Sales at Target grew $15 billion last year — more than the 11 previous years combined — as the retailer became one of the top shopping destinations during the coronavirus pandemic.
The company’s fourth quarter, which included holiday sales, was the capstone of an overwhelmingly successful year for the Minneapolis-based retailer.
Quarterly revenue grew 21 percent to $28 billion, and comparable sales grew more than 20 percent, led by a 118 percent bump in digital sales, the company said Tuesday. Net earnings grew 65.6 percent to $1.38 billion, or $2.73 a share.
“Following years of investment to build a durable, scalable and sustainable business model, we saw record growth in 2020, as our guests turned to Target to safely provide for their families throughout the pandemic,” said Brian Cornell, Target’s chief executive, in a statement.
With the gains, Target earned nearly $9 billion in market share in 2020 across its categories, Cornell said.
The company beat quarterly Wall Street estimates with earnings per share reaching an all-time high.
For the entire fiscal year, which ended Jan. 30, sales grew 19.8 percent to $92.4 billion, as earnings rose 33 percent to $4.37 billion.
Executives are expected to outline later Tuesday at a virtual meeting with the financial community how Target plans to capitalize on the success.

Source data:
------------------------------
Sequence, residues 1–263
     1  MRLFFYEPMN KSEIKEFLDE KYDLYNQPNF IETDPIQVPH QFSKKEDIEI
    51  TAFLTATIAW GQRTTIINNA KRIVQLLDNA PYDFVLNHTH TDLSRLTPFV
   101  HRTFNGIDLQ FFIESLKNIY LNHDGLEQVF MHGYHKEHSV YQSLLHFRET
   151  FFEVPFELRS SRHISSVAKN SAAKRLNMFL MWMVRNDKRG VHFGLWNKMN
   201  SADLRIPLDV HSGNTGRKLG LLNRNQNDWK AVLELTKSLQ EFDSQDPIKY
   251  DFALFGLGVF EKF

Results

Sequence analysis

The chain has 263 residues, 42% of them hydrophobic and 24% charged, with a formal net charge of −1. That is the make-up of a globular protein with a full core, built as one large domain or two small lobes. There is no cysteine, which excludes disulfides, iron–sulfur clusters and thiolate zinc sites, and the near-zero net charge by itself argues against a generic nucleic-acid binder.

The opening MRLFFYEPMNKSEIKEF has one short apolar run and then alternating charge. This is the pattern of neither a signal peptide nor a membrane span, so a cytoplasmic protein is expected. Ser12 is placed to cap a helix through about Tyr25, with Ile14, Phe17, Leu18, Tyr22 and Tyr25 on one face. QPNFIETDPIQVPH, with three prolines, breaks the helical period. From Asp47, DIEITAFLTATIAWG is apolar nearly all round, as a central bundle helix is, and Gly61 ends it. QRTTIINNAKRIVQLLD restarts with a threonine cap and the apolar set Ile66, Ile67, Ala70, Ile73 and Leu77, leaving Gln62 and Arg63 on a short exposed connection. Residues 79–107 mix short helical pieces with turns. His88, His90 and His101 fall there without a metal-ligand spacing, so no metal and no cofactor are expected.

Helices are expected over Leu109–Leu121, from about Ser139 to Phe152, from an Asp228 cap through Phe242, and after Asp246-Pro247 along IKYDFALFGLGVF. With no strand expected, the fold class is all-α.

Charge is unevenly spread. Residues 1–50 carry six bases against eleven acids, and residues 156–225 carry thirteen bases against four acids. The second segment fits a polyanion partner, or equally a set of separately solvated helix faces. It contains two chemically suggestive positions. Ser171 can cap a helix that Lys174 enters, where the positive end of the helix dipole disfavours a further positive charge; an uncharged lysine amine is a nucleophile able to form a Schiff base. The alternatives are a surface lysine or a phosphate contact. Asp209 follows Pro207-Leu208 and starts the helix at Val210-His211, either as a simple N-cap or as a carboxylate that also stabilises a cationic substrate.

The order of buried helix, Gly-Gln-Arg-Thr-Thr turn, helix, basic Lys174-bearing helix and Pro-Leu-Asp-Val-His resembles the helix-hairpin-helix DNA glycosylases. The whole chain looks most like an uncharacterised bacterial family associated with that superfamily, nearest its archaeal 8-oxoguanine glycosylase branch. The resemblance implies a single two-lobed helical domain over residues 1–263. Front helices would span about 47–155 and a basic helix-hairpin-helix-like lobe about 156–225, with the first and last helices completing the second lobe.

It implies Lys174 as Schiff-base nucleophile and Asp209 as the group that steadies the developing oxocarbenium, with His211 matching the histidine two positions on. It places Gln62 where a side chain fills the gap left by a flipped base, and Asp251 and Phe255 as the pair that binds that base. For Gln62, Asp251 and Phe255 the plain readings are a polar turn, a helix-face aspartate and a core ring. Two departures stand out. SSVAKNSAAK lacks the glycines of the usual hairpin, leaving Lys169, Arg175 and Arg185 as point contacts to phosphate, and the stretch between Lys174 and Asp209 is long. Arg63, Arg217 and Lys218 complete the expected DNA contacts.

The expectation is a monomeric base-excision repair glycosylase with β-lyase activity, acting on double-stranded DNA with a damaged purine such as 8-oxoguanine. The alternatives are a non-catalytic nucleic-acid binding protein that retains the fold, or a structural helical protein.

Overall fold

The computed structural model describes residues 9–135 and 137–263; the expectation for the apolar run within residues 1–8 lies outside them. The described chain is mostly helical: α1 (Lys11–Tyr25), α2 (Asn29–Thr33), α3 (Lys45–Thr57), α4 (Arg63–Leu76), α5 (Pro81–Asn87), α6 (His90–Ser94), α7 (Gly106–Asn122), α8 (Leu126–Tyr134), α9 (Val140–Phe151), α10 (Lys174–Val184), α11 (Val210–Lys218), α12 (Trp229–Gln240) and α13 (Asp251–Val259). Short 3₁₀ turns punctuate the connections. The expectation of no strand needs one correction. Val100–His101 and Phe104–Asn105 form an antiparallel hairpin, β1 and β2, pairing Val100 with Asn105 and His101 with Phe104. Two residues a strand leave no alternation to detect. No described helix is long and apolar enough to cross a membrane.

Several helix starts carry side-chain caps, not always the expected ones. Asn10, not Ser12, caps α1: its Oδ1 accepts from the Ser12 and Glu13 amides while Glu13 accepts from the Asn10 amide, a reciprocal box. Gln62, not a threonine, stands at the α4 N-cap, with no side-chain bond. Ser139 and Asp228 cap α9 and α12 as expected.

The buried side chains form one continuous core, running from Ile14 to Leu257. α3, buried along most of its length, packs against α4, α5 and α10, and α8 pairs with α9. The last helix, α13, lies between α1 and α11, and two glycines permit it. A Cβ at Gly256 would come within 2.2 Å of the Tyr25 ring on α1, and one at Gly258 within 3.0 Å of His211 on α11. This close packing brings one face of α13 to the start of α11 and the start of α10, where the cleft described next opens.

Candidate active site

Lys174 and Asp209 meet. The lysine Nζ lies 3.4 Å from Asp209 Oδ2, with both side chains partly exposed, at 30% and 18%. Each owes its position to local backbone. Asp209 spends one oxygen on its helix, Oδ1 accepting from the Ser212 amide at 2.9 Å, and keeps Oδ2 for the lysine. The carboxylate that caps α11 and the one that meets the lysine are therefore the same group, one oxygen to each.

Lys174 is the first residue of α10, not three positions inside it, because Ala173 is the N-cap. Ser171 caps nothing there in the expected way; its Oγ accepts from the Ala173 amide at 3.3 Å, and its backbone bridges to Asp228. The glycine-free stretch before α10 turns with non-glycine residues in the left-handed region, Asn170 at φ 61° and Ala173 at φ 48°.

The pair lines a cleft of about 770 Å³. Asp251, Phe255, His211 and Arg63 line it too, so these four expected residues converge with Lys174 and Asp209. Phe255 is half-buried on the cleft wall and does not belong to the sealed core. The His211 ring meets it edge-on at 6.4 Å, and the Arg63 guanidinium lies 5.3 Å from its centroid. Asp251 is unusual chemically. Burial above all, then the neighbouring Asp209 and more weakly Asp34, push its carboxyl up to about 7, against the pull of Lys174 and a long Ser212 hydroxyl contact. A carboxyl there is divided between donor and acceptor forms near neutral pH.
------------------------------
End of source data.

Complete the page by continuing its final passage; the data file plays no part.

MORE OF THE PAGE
Around this time last year, Target executives guessed COVID-19 would not have a significant effect on sales for the year.
But with stay-at-home orders issued across the country and many consumers concerned about in-person shopping, customers rushed to stock up on home necessities such as toilet paper and pantry items in the beginning months of the pandemic.
Shoppers turned in droves to pickup and delivery services throughout the year.
The average transaction or basket was 15 percent more than in the year before, as more customers relied on Target as a one-stop shop for their buying needs.
Target — which had steadily built out its same-day options before the pandemic — was well-positioned to offer contactless ways to shop. Store employees fulfilled 95 percent of online orders, after the retailer had worked to perfect a store-centric fulfillment model over the past few years.
Same-day services, including from Target’s delivery service Shipt, grew 235 percent during the fiscal year. Target’s digital sales grew by nearly $10 billion.
Twelve million more customers became multichannel shoppers who used more than one way to shop at Target. Over time, these customers are found to spend nearly four times more than those who shop only in stores.
Target Chief Operating Officer John Mulligan said last week that Target grew a lot of brand loyalty in 2020.
“We were able to meet (customers) wherever they were … Our team built trust with our guests that they were going to meet their needs,” Mulligan said. “And just having what they wanted when they came in the store, just having that item on the shelves creates trust.”
However, the fiscal year will be hard to top. While remarkably high, Target’s comparable sales growth for the fourth quarter is less than in the past two quarters, which might be an indicator that the rate of growth is slowing.
Target executives did not give specific financial guidance due to the continued uncertainty connected with the pandemic.